You see, a person's baptism acts as a testimony for or against them, just as circumcision did. In the cases of Simon Magus and Demas, their baptism was a testimony against them that they were covenant breakers. If a church does not want to baptize infants, that is their choice, but do not claim that such a practice is not biblical based on your own ignorance and subjective opinion. "We must confess that some bring their children for this sacrament because of the sweetness of the ceremony, or because of the traditions of family and church, or even with the misguided expectation that somehow 'holy water' will magically protect their child from hell. Yet neither sentiment nor tradition nor superstition is sufficient reason for believers to bring their children to be baptized. And, thankfully, such reasons are not the basis of our church's practice. We baptize infants because we believe that the Bible teaches us to do so." (Bryan Chapell, Why Do We Baptize Infants?: Basics of the Faith, p.1)

Charles Spurgeon, commenting on Romans 2:28-29, wrote: "He is not a Christian that is one outwardly, nor is that baptism which is outward in the flesh; but is one inwardly, and baptism is that of the heart, in the spirit, and not in the letter, whose praise is not of men but of God." Baptism, whether by sprinkling, pouring, or dunking, is merely an outward demonstration of one's being dedicated to God for His purposes and uses. Yes, Scripture supports sprinkling, pouring, or dunking as baptism. Study the individual words out (baptizo, βαπτιζω; baptisma, βαπτισμα; baptismos, βαπτισμος; baptistes, βαπτιστης; bapto, βαπτω) and their usages and interpretations. How can you baptize a table (Mark 7:4)? Baptism does not save, does not regenerate, and does not mean the individual truly belongs to, or will belong to, the Lord. Baptism is not a public declaration of one's faith, as we have proven with Simon Magus and Demas, and we have witnessed rampantly throughout the North American churches.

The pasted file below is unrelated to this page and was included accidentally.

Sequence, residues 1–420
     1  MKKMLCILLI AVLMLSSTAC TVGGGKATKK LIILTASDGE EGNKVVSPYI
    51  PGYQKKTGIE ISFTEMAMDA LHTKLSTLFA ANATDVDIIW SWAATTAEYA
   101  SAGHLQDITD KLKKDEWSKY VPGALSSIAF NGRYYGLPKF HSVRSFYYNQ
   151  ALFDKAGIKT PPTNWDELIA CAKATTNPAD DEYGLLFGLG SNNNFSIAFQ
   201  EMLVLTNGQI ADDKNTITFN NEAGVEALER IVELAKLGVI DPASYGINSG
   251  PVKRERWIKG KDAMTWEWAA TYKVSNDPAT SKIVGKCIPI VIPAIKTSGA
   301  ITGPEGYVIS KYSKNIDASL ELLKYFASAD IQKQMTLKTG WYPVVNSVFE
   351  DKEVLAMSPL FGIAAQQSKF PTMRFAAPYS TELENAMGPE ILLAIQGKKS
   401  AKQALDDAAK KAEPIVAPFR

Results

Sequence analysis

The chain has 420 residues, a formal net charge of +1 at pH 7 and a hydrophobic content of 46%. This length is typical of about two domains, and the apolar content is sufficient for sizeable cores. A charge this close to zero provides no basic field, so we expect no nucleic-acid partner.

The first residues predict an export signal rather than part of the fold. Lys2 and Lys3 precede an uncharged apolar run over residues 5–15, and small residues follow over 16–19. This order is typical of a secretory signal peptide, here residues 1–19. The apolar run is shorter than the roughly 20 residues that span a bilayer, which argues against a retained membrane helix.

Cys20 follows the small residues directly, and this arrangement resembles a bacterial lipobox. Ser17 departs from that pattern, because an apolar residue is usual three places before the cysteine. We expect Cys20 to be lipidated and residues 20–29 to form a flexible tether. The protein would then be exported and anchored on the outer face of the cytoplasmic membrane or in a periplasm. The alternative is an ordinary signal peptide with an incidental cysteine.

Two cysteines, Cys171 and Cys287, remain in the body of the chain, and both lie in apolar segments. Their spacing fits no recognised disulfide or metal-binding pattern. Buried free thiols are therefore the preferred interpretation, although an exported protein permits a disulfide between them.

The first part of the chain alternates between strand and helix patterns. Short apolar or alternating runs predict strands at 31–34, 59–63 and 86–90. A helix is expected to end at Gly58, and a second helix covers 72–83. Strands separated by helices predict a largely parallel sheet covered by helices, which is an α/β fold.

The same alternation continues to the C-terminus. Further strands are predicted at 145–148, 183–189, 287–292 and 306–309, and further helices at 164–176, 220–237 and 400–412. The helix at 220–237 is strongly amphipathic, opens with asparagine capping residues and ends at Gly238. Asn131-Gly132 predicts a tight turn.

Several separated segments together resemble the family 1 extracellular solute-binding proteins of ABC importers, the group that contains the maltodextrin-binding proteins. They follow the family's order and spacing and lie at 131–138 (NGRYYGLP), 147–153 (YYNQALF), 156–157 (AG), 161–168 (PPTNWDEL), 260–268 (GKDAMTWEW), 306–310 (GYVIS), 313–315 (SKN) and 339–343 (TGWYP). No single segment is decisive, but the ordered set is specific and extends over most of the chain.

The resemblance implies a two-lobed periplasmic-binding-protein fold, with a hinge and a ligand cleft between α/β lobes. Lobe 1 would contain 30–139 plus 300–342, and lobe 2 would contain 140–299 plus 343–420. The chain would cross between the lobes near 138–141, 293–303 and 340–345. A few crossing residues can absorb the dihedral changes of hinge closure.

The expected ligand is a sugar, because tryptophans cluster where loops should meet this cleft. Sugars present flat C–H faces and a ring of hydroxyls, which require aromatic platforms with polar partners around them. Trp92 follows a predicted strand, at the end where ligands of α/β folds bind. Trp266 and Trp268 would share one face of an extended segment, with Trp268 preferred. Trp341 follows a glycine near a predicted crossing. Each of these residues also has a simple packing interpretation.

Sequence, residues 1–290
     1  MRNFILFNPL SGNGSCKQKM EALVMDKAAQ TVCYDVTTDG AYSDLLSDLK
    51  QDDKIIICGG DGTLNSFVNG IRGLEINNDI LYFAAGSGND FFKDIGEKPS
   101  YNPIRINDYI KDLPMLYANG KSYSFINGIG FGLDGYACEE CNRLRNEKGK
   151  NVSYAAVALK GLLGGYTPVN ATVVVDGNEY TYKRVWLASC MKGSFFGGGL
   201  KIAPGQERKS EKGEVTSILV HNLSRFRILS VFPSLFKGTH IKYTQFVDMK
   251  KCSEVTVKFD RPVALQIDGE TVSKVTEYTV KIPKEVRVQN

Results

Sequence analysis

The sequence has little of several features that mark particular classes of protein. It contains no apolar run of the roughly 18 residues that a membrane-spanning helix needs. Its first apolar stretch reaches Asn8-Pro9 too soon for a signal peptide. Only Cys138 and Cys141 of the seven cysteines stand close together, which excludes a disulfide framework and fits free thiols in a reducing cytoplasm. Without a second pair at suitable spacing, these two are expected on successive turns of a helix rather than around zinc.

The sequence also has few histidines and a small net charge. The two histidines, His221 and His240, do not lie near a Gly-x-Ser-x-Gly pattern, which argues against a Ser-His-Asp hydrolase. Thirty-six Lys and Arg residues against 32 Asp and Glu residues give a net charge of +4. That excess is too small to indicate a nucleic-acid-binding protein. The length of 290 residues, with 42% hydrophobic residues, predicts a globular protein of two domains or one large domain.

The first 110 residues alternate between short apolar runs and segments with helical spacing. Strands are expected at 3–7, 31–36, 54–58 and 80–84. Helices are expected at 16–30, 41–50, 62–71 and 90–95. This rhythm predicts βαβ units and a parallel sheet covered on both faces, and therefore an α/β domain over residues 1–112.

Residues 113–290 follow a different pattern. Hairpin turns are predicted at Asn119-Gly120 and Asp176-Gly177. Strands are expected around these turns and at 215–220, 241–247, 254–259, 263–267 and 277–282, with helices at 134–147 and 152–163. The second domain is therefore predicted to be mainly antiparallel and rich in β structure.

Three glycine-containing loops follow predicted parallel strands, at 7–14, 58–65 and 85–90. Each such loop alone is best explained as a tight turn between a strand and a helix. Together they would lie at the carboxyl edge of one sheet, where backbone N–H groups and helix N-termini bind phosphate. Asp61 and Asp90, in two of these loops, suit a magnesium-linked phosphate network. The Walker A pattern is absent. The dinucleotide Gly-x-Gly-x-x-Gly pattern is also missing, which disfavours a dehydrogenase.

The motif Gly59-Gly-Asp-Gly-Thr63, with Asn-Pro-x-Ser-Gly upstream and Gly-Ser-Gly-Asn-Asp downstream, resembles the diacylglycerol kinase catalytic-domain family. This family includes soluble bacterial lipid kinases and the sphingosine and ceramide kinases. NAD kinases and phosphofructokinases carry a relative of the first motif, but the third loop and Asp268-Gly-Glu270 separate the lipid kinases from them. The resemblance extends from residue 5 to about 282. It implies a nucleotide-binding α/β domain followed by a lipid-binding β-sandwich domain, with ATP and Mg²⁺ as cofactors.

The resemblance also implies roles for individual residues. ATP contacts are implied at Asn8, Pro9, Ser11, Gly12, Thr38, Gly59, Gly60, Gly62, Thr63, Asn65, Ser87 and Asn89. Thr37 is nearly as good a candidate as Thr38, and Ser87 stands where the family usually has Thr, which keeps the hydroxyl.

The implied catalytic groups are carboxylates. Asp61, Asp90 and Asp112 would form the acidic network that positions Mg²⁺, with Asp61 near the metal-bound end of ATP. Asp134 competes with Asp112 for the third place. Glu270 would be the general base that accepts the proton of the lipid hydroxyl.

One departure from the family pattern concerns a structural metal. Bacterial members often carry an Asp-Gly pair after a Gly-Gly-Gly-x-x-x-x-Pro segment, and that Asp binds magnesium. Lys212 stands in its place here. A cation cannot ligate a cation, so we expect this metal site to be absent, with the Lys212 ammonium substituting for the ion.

When you were born, were you born as a full citizen of your country with all the rights and responsibilities thereof? Yes, you were. However, because you were young, you did not know of these rights and responsibilities and could not appropriate them. You had to be taught them. When you were older, you then either embraced them as your own or rejected them, which is treason and demands you leave your country. The same is true concerning circumcision and baptism. The son circumcised on the 8th day had no faith of his own. He knew nothing of the covenant promises and had to be taught it. As he grew, he could then embrace what he was taught by faith and appropriate the blessings unto himself, or reject what he was taught and appropriate the curses unto himself. The same is also true of baptism, which people would see and understand if they practiced it in accordance with what we see in the Scriptures.

What these churches should be doing when they baptize quick and biblical, is warning the people about the seriousness of the commitment they are making. Even Jesus warned potential disciples that following Him was a life-changing (even life-sacrificing) decision, telling them to count the cost of their decision. He said, "If anyone wishes to come after Me, let him deny himself, and take up his cross daily, and follow Me" (Luke 9:23). Frequently, Jesus' strong words seemed determined to drive people away who were less than whole-hearted in their decision to follow Him and obey His commands (Luke 9:57-62; John 6:53-66). When we evangelize, we should be doing no less. We should not be watering down the Gospel and presenting an easy-believism in order to gain numbers.

Baptismal candidates should be baptized quickly, but not without first being warned of the seriousness of sealing forever their decision to follow Christ.